It all starts with an intentional plan and a perseverance to stick to that plan.  As a Liberty talent, you too have the ability to have this trait, whether you are just starting school, in the middle of your academic studies, graduating, or doing a career change.  It all starts with a dream, and then the intentionality should begin.  Here are some steps that will help you with being intentional about your career:

1.  Assess your strengths and weaknesses.  Weaknesses do not mean that you can’t do what you want to do; it just means you have some hurdles to jump over to overcome these weaknesses.  Remember, God uses us through our strengths, and He works through us in our weaknesses.  A Focus 2 Assessment can help you identify your strengths and weaknesses, and it is free to Liberty University students.

2.  Visit with a Career Counselor to review your assessment and discuss career goals and objectives.  Residential students can meet in person and online students can meet via the phone.  Make an appointment today!

3.  Create a Career Plan, with all the criteria that you will need to be successful in a desired position.  These criteria include:

  • Required degree(s).  This includes an academic plan that will result in the best possible grades.  Fast is good if a person can do it well; however, intentionality also means quality.  If it takes longer to obtain your goal and do it with excellence – make that part of your plan.  A Career Counselor can help here.
  • Certifications.  What is the industry looking for in a qualified candidate? What proprietary, state or federal certifications will be needed to be considered for a position?  This means that you need to research your position, industry and the companies in the industry.
  • Experience.  This is actually working in your field of study.  Internships are a great way to acquire this experience.  You can find internships and full time positions with companies all over the country in LUNETWORK, Liberty’s exclusive employer relations and jobs database.  Thousands of employers purposefully register on LUNETWORK in search of Liberty talent.  Create a profile today and start you search.  Contact the Career Center to see how you can use LUNETWORK effectively.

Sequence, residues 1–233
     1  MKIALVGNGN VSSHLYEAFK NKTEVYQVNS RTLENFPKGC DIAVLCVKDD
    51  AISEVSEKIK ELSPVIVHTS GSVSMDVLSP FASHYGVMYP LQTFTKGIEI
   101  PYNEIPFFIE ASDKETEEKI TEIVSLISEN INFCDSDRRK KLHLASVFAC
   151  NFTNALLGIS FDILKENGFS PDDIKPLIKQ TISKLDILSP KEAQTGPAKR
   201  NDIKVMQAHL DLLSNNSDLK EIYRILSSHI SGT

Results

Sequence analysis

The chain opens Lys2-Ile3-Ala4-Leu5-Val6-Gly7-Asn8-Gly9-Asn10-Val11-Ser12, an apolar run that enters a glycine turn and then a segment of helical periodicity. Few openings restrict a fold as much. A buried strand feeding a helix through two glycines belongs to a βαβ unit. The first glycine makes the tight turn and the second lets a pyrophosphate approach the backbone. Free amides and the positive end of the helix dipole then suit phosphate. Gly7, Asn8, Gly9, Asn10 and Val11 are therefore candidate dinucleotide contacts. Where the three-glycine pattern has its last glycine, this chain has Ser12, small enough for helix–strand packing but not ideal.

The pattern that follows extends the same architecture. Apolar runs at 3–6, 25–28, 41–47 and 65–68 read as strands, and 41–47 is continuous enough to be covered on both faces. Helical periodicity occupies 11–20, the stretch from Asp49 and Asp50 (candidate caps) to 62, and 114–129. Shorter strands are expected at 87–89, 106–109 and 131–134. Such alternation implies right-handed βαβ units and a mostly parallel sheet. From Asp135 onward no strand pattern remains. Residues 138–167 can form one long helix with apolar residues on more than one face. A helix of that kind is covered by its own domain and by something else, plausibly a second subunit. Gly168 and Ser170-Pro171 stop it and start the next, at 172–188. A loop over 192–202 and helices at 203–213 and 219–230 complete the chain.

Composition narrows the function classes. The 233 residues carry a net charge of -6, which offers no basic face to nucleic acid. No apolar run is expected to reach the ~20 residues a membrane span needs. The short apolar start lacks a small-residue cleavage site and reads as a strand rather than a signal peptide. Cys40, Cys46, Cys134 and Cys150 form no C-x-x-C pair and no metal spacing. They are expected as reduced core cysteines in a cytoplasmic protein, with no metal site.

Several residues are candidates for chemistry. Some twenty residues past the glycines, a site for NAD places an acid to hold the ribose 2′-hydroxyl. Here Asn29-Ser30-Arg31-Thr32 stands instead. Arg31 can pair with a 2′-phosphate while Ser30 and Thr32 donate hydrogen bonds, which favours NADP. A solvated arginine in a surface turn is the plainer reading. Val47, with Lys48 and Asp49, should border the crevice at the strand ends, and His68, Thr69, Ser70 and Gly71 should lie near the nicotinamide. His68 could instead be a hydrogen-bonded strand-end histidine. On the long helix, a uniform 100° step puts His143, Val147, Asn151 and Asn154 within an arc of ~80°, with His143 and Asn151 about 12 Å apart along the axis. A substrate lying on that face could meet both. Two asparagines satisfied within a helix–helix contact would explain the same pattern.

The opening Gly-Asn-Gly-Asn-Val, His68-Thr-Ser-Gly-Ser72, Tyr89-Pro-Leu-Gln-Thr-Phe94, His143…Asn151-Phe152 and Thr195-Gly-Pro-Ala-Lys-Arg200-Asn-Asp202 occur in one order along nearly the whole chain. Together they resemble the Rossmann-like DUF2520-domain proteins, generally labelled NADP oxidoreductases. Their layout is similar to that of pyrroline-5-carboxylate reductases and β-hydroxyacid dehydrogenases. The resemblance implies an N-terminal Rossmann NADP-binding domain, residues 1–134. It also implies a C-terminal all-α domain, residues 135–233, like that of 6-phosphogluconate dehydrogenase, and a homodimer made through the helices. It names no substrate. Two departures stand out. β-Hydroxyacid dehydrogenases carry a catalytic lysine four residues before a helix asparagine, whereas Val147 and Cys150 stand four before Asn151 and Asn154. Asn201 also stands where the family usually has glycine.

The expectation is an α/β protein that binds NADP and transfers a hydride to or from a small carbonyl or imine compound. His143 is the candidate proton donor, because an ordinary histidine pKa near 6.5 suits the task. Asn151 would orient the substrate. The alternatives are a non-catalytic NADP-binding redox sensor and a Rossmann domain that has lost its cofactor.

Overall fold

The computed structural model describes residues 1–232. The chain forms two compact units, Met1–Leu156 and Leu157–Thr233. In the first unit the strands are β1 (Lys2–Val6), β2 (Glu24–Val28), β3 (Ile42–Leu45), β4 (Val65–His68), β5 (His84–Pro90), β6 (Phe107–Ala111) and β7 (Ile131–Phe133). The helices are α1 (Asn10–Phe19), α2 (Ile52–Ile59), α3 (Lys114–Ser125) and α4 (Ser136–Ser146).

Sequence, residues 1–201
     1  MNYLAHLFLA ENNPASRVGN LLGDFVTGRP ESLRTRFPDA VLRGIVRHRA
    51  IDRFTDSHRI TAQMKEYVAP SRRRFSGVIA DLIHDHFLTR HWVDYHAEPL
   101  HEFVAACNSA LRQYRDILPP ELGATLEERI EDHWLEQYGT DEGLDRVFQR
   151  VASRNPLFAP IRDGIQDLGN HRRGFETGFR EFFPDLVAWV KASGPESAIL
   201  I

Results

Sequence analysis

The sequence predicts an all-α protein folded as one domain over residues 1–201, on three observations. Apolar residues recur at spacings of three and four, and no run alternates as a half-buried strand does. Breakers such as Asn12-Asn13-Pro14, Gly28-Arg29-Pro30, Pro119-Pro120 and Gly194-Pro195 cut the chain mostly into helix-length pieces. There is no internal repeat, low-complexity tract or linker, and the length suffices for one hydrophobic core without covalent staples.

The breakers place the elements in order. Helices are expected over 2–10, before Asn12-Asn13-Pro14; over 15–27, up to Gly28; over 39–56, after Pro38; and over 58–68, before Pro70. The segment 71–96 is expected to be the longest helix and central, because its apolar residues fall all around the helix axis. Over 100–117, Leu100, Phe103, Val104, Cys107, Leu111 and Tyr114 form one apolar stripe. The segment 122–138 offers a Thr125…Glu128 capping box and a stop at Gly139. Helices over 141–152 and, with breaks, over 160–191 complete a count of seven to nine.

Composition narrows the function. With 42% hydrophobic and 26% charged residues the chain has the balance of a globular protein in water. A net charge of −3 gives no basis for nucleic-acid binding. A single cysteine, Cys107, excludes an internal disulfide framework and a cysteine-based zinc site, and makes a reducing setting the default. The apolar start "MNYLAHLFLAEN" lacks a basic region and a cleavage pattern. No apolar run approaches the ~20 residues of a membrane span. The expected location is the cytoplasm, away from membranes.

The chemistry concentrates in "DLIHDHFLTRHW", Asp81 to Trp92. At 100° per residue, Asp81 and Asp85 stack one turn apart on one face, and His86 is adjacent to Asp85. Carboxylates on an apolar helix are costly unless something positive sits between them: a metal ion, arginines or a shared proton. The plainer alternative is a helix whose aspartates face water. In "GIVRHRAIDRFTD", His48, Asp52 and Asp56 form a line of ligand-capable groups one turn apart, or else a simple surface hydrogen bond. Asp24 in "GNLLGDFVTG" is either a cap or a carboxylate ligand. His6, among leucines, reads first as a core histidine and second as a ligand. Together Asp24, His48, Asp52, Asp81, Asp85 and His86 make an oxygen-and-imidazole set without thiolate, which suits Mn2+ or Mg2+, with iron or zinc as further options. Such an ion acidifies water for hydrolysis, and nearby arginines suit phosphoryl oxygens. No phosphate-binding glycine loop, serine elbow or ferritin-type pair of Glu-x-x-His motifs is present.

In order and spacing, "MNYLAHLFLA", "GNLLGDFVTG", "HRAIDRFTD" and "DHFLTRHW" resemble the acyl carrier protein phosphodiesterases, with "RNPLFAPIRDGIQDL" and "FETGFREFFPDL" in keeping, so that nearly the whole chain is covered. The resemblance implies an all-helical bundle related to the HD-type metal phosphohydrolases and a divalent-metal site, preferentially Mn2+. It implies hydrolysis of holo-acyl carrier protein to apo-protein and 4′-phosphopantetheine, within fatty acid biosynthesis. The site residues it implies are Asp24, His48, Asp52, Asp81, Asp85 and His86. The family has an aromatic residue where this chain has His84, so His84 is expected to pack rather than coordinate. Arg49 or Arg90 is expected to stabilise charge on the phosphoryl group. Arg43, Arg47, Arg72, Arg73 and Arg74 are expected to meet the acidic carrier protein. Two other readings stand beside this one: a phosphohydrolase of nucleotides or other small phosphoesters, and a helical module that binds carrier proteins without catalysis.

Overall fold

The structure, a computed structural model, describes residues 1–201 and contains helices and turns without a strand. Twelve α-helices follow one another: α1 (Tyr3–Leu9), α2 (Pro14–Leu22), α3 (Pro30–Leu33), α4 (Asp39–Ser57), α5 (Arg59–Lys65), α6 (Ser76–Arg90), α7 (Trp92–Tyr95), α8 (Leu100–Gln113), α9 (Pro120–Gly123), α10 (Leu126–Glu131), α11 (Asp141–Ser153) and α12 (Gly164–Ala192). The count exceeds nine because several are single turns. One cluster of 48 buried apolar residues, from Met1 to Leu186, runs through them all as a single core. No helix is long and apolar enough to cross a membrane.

• Network.  Keep this in mind – it is NOT “who you know”, it is “who knows you.”  The only way for people to get to know you is for you to get out and meet them.  Liberty has major-specific career fairs each semester.  RSVP and join us if you can, but most certainly review the companies that intend on coming.  Networking opportunities happen all the time, in every geographical location.  Find out what organizations are prevalent in your field of study and JOIN THEM.
  • Cover Letters, Resumes, and Interviews.  Cover Letters and Resumes are the first documentation that an employer sees from a candidate.  First impressions can either make or break you.  Resumes have to be intentional as well; they need to “speak” to the job description as to how you qualify.  Have your Cover Letter and Resume reviewed by a Career Counselor.  Next is the interview.  Interviews need to be intentional.  It is always best for a candidate to be very knowledgeable about the company, the position, what you would do in this position.  You can only do this by research.  Once that research is completed, then you need to practice in talking to someone about the position – an interview.  Practice makes perfect, and the Career Center can perform a mock interview so that you are well prepared when you meet with the employer.

God has set a wonderful example for all of us about being intentional.  Get serious about your career and be intentional in the pursuit of it.  The Career Center can help you accomplish this.

Richard Glass – Career Center Director